How to Differentiate a Commodity Product


One of my Twitter follows recently asked me, “How do you differentiate a commodity product?” My first reaction was, “Well that needs more than a 140 character response!”

In actuality, I could have answered the question in one word: Branding. Instead, I promised to write a post about it, so here are my thoughts on the matter:

Differentiation is critical with any product or service, not just commodities. You may have a preferred brand of milk, butter , or rice. You routinely choose one gas station over another. You probably also have a preference in terms of things like auto insurance, financial planning and banking.

In all these cases, the basic product or service is the same. The difference is in how you see the brand. In spite of the similarities between these commoditized offerings, not everyone makes the same choices.

People decide what to buy based on factors like price, (perceived) quality and affinity for the brand. This is why billion-dollar corporations spend so much money on brand advertising, sponsorships and experiential marketing.

A Super Bowl ad for GoDaddy won’t demonstrate that GoDaddy’s domains are in any way different from those available at or other competitors.  The GoDaddy brand message is “Geeks win!” and their ads appeal to people who identify with the underdog. The ads imply that choosing GoDaddy will help buyers magically acquire tech sex appeal, a coveted attribute among awkward, self-described computer nerds.

Without a strong brand, commodity buying decisions are extremely price driven. If an apple is an apple, why pay any more than necessary? Branding can create an aura that adds value, justifying a higher price. (In fact, sometimes, the higher price is the brand strategy: “We’re worth more because we cost more.” Yes, it’s counterintuitive, but sometimes it works!)

How much does brand matter?

An excellent example of the impact of a brand can be found in the cola-flavored soft drink market. Most of us would readily avoid super-market brand sodas, insisting upon one of the major brands. I know many people (myself included) who will request an alternate beverage – “Unsweet tea, please” – when our favorite cola brand is not available.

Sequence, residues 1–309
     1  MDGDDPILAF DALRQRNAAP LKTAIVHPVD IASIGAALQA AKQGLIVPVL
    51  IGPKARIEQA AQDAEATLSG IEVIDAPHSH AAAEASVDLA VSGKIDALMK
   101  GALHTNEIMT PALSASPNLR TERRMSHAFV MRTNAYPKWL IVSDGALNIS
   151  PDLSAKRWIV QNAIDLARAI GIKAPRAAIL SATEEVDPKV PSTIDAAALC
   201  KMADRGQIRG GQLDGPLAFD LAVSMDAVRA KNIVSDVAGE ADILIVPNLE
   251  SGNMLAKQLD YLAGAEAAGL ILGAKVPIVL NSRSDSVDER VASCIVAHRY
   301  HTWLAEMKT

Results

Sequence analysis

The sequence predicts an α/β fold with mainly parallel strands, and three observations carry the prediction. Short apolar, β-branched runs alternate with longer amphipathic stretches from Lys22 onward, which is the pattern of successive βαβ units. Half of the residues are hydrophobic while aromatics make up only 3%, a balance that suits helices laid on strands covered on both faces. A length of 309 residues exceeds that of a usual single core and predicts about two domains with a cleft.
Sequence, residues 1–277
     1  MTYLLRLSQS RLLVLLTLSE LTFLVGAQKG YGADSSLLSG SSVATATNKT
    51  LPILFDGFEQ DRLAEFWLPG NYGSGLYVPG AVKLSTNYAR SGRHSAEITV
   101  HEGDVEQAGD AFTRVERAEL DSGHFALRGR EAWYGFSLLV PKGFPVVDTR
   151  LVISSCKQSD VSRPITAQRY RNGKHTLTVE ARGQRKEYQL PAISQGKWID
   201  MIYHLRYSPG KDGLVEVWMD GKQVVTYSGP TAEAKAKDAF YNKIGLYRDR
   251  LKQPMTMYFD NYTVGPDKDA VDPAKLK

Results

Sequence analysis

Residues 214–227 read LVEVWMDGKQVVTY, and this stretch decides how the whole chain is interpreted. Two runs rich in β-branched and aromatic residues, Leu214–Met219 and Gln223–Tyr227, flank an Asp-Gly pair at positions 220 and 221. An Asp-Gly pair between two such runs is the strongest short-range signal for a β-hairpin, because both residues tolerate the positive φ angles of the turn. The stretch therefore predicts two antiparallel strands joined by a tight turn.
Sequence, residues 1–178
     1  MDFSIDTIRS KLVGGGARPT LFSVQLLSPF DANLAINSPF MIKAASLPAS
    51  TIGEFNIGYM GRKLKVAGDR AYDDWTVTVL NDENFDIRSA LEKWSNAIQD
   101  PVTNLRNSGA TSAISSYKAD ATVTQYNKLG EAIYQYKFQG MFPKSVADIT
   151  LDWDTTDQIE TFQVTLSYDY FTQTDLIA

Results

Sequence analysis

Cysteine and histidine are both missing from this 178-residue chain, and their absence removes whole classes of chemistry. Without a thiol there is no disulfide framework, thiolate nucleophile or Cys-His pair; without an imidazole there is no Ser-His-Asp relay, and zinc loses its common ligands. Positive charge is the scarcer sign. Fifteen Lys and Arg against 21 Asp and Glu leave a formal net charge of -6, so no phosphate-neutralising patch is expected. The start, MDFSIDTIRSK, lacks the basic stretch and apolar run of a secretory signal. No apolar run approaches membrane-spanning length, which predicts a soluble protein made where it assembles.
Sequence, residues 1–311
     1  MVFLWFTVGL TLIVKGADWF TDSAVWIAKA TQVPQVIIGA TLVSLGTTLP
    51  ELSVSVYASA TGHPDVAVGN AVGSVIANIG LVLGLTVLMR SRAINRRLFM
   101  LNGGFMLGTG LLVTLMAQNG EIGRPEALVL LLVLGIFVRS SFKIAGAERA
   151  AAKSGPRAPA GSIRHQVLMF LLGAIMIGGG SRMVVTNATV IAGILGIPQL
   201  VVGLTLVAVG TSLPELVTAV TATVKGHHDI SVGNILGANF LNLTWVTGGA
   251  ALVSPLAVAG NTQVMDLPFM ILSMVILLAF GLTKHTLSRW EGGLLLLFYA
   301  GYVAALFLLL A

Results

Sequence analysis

Ironically  some of the most impassioned soda brand advocates have been shown to be incapable of identifying their favorite brand in blind taste tests. If you can’t tell the difference, what’s the difference?


Yes, brand is the secret to making a product stand out among seemingly equal rivals. So how do you achieve brand stardom? Here are a few quick pointers:

  • Be precise in determining your target market. Who are they and what do they want? It’s NOT the same thing your competitors are selling. Look for hopes and desires you can tap into.
  • Get crystal clear in your messaging. Once you decide how to appeal to your target buyers, be sure everything about your brand calls out to them in an irresistible way.
  • It’s not about the product. Differentiating a commodity is all about the experience. Create a memorable brand experience and the fact the your core product is like all the others becomes irrelevant.
  • Aspirations are your friend. People shop for utility, and they buy because they want to be transformed. What aspirations can your brand promise that other products don’t offer?

To put this into action, think of ways you can create a memorable experience when customers engage with your brand. Maybe you are selling just another rice product. But yours has a story about where it came from or why it offers health benefits your customer demand.

Ancillary services, like cooking classes for customers who buy your rice, can add more value and create a stronger connection with customers.

For service businesses, the brand IS the service. A room in a hotel is simply a place to lay your head for the night. How customers are treated, the environment you create, the experience of arriving, dining and being pampered defines the difference between a $29.99 a night room and a first class hotel.

Why do people pay $400 a night to sleep? Because the hotel they choose speaks to who they are, who they want to be, and how they want to be seen. Price matters because it creates a framework for choice, narrowing the range to $150 – $250 a night for example. Once basic budget criteria are met, brand takes over.

Ultimately, the same is true for any brand buying decision – commodity or not.

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